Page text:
Food & DrinkPub Spy

Top boozer is Vaughan the money

Vaughan's bar
Vaughan's bar

Vaughan’s, Terenure, Co. Dublin

IT had been over a decade since our last visit to Terenure and after just half an hour’s drive, we reached our destination. We couldn’t believe our luck when we managed to find a parking spot directly opposite Vaughan’s pub in Terenure. It’s as if it had been reserved just for the pub-mobile.

This pub is very famous and for our troops who weren’t sure why, the Old Commando was quick to fill them in.

“This pub was the birthplace of Mary Jane Murray, James Joyce’s mother,” the Old Commando informed us. “You’re going to be sampling a piece of history here today lads,” he added, as he showed them the commemorative plaque on the exterior wall.

The Young Commando was feeling peckish so we began drinking without him as he went to sample some chicken wings in the local Eddie Rocket’s diner.

Our Old Commando, on the other hand, only had one thing in mind and that was a creamy pint.

We entered via the bar and made our way to the counter, but after a few moments hanging around, we moved to the next section to locate the bar staff. Vaughan’s pub is quite large and we were surprised that the barman seemed to be working alone, although we soon realised he was well able to handle the pressure.

Vaughan’s was enjoying a busy trade when we called, but the barman was very professional and even had time for a quick chat and a joke. We placed our order and the Old Commando even sprung for it, which made a nice change!

The pints of plain set him back €4.50, a Beamish was just 3.80, but a soft drink for our designated driver was pricey at €2.80. The barman, who we guessed was in his 60s, kept on the move, but he always shared a word as he was passing and the locals seemed to have a good rapport with him.

What struck us immediately in Vaughan’s pub was a distinct lack of Dublin accents.

“There’s nothing but culchies in here,” one of our troops said. “Even the barman sounds like one.”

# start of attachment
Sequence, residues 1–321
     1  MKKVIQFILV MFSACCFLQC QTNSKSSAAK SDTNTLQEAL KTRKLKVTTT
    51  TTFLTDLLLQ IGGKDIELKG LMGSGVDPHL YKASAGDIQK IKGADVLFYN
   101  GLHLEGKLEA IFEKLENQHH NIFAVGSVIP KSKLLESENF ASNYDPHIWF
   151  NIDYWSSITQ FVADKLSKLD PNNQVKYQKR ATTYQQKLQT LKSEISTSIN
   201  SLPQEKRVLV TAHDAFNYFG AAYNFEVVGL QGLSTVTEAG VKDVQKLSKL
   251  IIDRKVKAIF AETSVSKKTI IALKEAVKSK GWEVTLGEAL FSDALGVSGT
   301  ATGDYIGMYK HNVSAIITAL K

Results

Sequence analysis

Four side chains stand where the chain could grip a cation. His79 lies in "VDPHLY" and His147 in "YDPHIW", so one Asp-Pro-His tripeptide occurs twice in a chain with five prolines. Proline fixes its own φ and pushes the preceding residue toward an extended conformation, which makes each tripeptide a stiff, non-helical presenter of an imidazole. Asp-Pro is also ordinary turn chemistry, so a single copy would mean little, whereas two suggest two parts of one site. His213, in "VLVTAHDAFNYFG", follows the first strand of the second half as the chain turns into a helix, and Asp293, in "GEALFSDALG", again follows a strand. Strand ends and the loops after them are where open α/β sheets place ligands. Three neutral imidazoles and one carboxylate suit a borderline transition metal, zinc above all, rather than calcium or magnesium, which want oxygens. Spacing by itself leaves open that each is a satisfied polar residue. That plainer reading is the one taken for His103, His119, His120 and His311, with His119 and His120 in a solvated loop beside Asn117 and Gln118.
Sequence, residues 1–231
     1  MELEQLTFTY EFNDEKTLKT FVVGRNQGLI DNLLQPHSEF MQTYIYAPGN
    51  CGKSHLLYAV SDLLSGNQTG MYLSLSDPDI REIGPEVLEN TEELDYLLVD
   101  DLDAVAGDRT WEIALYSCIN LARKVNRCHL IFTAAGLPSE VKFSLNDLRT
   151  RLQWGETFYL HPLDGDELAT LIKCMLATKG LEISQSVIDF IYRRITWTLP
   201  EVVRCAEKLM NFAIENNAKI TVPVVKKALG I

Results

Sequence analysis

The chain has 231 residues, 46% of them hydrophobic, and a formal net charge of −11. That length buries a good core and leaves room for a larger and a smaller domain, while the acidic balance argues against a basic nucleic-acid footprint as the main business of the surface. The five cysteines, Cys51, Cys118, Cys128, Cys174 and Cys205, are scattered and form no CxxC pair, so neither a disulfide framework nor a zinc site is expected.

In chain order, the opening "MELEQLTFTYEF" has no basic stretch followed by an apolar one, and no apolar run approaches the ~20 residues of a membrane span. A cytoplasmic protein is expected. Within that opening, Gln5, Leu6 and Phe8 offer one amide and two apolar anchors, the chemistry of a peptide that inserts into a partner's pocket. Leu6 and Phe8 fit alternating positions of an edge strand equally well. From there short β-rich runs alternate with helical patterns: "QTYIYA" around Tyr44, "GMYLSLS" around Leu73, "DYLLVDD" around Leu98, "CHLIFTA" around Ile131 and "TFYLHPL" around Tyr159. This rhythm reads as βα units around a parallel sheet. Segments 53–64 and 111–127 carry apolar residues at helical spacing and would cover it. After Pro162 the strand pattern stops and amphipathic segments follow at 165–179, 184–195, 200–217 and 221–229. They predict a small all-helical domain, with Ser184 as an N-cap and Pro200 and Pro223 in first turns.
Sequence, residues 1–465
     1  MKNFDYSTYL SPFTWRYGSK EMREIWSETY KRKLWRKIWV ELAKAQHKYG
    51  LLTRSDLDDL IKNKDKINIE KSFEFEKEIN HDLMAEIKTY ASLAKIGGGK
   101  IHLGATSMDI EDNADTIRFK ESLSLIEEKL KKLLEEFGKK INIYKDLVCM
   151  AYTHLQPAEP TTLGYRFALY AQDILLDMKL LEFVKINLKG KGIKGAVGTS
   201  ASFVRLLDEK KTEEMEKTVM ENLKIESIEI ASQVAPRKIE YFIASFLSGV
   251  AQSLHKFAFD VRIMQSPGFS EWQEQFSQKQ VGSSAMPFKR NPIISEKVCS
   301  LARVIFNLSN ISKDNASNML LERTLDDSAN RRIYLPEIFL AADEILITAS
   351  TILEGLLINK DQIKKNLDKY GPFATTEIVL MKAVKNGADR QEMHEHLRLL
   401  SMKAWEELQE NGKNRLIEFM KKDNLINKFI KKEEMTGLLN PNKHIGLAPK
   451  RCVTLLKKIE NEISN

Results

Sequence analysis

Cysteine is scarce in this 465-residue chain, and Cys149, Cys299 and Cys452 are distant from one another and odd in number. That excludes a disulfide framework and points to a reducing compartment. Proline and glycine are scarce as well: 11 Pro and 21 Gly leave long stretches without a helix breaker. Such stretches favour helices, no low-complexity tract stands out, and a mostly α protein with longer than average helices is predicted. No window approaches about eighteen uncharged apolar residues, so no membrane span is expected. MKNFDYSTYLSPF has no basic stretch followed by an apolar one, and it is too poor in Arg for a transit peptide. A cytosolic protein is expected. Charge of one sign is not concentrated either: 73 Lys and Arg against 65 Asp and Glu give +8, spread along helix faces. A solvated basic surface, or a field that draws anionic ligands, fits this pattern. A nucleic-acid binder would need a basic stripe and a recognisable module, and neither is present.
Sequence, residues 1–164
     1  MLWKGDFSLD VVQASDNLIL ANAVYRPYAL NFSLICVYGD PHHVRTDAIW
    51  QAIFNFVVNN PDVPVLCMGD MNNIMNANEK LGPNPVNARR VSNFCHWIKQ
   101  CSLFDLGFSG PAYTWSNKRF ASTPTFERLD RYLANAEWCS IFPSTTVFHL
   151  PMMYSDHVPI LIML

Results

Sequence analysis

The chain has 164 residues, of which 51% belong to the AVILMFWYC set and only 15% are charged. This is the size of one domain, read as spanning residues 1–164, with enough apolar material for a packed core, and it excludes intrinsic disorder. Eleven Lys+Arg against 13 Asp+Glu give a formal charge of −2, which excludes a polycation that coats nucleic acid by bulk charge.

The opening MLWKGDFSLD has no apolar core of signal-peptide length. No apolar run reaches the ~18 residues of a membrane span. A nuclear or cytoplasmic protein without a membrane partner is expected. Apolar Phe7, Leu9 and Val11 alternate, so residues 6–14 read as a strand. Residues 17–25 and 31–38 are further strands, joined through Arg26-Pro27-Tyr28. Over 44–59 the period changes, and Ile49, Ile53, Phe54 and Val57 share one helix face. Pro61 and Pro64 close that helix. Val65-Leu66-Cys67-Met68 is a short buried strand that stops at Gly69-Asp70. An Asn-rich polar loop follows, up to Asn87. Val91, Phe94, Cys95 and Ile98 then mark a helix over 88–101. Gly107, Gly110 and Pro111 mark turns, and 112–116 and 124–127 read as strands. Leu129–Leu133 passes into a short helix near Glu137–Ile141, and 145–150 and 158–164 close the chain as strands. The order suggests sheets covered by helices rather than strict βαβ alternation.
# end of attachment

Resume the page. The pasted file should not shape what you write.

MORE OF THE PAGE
Every second person seemed to be speaking with what the Old Commando reckoned was a Tipperary accent.

Our Young Commando eventually joined us and he opted for a large bottle of cider, which he paid €5.60 for. We sent him off to carry out an inspection of the pub and when he returned he was very impressed by what he had seen.

“There are at least four floors in this place. I think the top section is for food though. If I’d have known that I would have came here with ye in the first place!” he said.

The timber floors are badly scratched in certain areas, but all the seating throughout the pub is in good condition and is plentiful.

The Old Commando struck up a friendship with an elderly gentleman sitting at the bar and they talked about everything from hurling to horse racing.

“That lad must have some stomach,” the Young Commando said regarding the customer.

“Not only is he listening to that auld eejit, he’s also drinking pints of stout from a Budweiser glass. Jaysus lads, sure that couldn’t be too tasty,” he added.

Pub Spy gave the loos a quick look and they were okay, but we were expecting better. There are two cubicles and five urinals, but the heated towel rack is rusted and should be replaced.

We had a really good time and we’d love to come back again sometime. Vaughan’s has plenty to offer with affordable porter, friendly bar staff and in general is it’s a well-run establishment.

 

**** Four-pint rating